30 Healthy, Sweet Snacks to Satisfy a Craving (Plus, What Nutritionists Think About ’Em)

The 10 Best Low-Sugar Candy Options in 2023:

  • Amount of Sugar: 3 grams per serving

Consider these mouth-puckering cuties—which are sweetened with allulose and stevia—a “dupe” for your favorite movie theatre candy, the difference being that these contain just three grams of sugar in the entire bag.  

  • Amount of Sugar: 1 gram per serving

Since they’re draped in a coating of oat milk chocolate, these low-sugar PB cups are plant-based and dairy-free. They’re also individually wrapped, so you can stash one in your bag for “emergencies.” They’re sweetened with monk fruit, FYI.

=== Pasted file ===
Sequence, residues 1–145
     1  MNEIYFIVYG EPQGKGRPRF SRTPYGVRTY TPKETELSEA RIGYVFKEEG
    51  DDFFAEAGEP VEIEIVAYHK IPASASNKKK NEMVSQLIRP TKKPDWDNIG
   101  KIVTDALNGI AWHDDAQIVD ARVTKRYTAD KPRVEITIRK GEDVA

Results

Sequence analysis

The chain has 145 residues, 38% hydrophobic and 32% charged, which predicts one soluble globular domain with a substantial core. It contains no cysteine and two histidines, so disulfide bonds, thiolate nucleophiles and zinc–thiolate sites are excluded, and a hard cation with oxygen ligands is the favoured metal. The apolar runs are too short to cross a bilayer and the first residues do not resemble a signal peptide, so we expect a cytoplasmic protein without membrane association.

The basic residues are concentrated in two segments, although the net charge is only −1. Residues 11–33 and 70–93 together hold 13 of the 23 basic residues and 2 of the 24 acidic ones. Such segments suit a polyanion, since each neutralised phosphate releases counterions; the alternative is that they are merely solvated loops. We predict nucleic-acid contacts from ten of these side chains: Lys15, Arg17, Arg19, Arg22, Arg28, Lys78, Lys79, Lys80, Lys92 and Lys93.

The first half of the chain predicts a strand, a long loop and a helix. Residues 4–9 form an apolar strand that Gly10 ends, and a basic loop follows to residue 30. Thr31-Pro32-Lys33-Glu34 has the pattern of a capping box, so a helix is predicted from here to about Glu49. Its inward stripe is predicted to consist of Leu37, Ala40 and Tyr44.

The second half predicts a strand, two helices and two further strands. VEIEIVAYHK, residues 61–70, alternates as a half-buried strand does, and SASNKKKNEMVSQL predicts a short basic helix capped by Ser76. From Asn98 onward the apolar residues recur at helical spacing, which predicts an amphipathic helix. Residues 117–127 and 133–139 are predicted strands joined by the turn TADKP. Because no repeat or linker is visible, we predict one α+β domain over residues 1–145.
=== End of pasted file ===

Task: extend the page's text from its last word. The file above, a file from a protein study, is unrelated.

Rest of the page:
• Amount of Sugar: 1 gram per serving

If you’re more of a dark chocolate person, these caramel-filled squares contain one gram of sugar per piece. They’re sweetened with allulose, which is a naturally occurring sugar that your body doesn’t absorb. (And according to the Cleveland Clinic, that means it doesn’t affect blood glucose levels.)

  • Amount of Sugar: 2 grams

Another allulose-sweetened low-sugar candy, these swimmers are also plant-based and colored with fruit and vegetable juices instead of funky food dyes. They’ll stick to your teeth like the ones from your childhood, but without a scolding from your dentist.

  • Amount of Sugar: 2 grams per serving

These sweetened condensed milk candies are creamy, rich and surprisingly high in calcium, but with just two grams of sugar per serving. And if artificial sweeteners aren’t your thing, these don’t contain any (they’re sweetened with sucrose and glucose).

  • Amount of Sugar: <1 gram per serving

These sour worms are sweetened with stevia, allulose and erythritol, so they’re low in sugar and keto-friendly. Reviewers praise their chewy texture and generous sour coating.

  • Amount of Sugar: 3 grams per serving